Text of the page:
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Author Topic: Million Dollar Baby makes New York Times list of "Best Movies of the Century"  (Read 1948 times)
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« on: June 15, 2017, 11:23:35 PM »

The Times critics Manohla Dargis and A.O. Scott got together last Sunday and selected "The 25 Best Films of the 21st Century So Far." Million Dollar Baby is Number 3 on the list:

Million Dollar Baby
Directed by Clint Eastwood, 2004

A.O. Scott
Clint Eastwood sometimes releases his movies the way he shoots them: quickly and efficiently, without a lot of fuss and hype. “Million Dollar Baby” bypassed the festivals and the early awards-season buzz and was screened for critics about a week before it opened in December 2004. On a whim, I invited my editor at the time to the screening. Though he and I always got along well, we sometimes differed on matters of taste. Not this time. After the final credits rolled, we walked back to the office in a contemplative silence that he finally broke. “Now that was a movie,” he said.

It was, and it is. You sometimes hear that that they don’t make them the way they used to, but Mr. Eastwood – almost uniquely in 21st-century Hollywood – most assuredly does. In the years since “Million Dollar Baby” (which won him his second best picture Oscar), he has occasionally wandered into the public eye for reasons unrelated to movies. He appeared in a memorable Chrysler commercial, argued with an empty chair at the Republican National Convention in 2012 and expressed admiration for Donald J. Trump during the 2016 campaign. But that’s just his way of passing the time and letting off steam. Since turning 70 in 2000, he has continued to practice and refine his craft, producing some of the strongest work of his career and also some of the strangest. A ghost story? A musical? A rugby movie about Nelson Mandela? Why not?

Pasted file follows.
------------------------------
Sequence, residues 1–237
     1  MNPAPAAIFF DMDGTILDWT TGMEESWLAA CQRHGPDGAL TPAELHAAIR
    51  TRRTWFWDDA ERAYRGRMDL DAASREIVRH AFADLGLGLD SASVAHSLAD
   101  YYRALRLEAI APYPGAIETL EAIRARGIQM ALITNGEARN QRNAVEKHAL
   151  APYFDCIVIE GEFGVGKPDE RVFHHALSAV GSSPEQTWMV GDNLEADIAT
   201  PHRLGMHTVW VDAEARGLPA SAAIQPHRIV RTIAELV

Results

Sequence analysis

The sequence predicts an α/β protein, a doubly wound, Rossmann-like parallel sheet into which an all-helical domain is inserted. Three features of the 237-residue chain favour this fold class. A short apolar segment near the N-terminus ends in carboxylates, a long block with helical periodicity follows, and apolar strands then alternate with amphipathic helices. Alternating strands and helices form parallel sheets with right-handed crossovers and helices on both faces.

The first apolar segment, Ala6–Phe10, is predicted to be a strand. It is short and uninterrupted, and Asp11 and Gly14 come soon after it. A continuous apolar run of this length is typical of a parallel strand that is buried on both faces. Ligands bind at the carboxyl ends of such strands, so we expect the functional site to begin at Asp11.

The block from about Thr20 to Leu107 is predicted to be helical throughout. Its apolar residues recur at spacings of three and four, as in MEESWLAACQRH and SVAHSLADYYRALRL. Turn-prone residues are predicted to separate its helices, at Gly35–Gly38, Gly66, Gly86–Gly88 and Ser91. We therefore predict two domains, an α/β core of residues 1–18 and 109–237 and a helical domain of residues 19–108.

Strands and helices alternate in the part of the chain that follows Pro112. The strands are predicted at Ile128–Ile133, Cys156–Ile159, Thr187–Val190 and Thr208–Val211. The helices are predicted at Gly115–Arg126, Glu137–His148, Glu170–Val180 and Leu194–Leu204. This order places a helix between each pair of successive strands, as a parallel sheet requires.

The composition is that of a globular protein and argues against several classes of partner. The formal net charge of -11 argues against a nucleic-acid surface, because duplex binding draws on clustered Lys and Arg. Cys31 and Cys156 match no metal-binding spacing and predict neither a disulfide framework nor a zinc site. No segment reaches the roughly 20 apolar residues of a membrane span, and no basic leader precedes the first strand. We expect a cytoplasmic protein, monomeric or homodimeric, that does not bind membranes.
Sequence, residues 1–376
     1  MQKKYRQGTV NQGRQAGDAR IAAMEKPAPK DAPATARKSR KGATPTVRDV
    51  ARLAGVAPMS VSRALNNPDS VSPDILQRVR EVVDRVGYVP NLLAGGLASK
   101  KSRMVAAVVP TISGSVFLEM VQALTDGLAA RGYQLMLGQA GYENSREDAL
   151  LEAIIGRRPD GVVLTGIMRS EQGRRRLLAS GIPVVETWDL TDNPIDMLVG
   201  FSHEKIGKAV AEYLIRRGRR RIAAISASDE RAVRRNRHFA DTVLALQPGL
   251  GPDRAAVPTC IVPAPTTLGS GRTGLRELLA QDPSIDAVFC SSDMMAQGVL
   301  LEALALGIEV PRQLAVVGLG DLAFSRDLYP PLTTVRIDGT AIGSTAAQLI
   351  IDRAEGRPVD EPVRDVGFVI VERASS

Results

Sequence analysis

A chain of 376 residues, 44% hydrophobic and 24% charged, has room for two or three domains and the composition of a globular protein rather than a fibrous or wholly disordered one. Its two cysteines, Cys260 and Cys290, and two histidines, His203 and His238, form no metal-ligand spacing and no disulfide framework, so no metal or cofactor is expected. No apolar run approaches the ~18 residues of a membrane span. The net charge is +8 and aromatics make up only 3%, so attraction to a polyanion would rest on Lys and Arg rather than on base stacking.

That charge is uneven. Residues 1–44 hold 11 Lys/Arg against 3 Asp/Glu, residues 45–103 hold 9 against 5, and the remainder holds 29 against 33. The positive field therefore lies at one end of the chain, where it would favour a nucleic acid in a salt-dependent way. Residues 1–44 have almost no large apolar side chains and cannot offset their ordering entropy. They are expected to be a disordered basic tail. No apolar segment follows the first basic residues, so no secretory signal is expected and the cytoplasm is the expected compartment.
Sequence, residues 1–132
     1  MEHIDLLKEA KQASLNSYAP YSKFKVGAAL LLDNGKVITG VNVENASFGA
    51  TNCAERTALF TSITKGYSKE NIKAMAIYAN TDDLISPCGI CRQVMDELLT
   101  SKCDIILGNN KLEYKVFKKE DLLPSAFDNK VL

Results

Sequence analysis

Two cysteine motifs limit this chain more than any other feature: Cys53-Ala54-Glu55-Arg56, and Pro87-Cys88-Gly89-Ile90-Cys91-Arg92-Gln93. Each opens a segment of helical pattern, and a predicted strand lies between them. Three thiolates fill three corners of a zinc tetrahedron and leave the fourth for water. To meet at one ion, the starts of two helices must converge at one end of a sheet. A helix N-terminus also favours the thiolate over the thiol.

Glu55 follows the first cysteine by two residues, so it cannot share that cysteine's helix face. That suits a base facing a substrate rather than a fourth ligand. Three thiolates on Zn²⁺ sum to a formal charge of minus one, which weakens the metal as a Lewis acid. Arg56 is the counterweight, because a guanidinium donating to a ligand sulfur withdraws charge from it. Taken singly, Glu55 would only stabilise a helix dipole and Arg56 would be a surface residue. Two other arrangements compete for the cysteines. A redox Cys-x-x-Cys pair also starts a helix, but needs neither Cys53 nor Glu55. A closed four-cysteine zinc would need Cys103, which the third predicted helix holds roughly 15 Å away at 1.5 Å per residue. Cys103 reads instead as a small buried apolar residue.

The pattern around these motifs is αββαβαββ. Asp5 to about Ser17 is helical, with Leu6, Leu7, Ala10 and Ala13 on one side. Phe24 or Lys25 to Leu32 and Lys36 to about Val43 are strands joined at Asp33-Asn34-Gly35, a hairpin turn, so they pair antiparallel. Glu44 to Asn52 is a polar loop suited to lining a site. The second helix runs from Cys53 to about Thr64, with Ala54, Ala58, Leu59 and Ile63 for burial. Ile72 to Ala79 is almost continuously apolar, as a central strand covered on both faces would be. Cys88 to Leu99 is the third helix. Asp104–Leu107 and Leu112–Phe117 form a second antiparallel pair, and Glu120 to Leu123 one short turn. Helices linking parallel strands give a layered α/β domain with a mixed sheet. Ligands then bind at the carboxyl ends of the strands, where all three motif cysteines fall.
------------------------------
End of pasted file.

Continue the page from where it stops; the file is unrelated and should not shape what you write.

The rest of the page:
But Mr. Eastwood has always been most at home in the classic American film genres: the western, the crime flick, the combat picture. And, in this case, the boxing movie, perhaps the most susceptible to sentimentality and cliché. The glory of “Million Dollar Baby” is that rather than strain for novelty, it settles into the conventions of the genre with masterly confidence and ease, and discovers deep currents and grace notes of feeling that nobody had noticed before.

Morgan Freeman and Hilary Swank each won Oscars for their performances. Mr. Freeman plays a former fighter nicknamed Scrap who acts as the confidant and conscience of Mr. Eastwood’s Frankie Dunn. Frankie is a trainer haunted by ghosts and regrets who takes a chance on an ambitious young fighter named Maggie Fitzgerald (Ms. Swank).

If for some unfathomable reason you haven’t yet seen “Million Dollar Baby,” I won’t spoil the plot by saying any more. But if you have seen it, you know that there’s much more to this movie than its plot. The warm, sharp banter among the principal characters never gets old. The images, shot by Mr. Eastwood’s longtime cinematographer, Tom Stern, glow with unexpressed, somber feeling. Fifty years from now, as the end credits scroll on whatever screen viewers are watching on, they will reach the same conclusion my editor did back in 2004. This is what a movie looks like.
Richard Earl
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« Reply #1 on: June 25, 2017, 06:34:46 PM »

I am glad too see this!

Music speaks louder then words. It's the only thing that the whole world listens to. (Peter, Paul & Mary)
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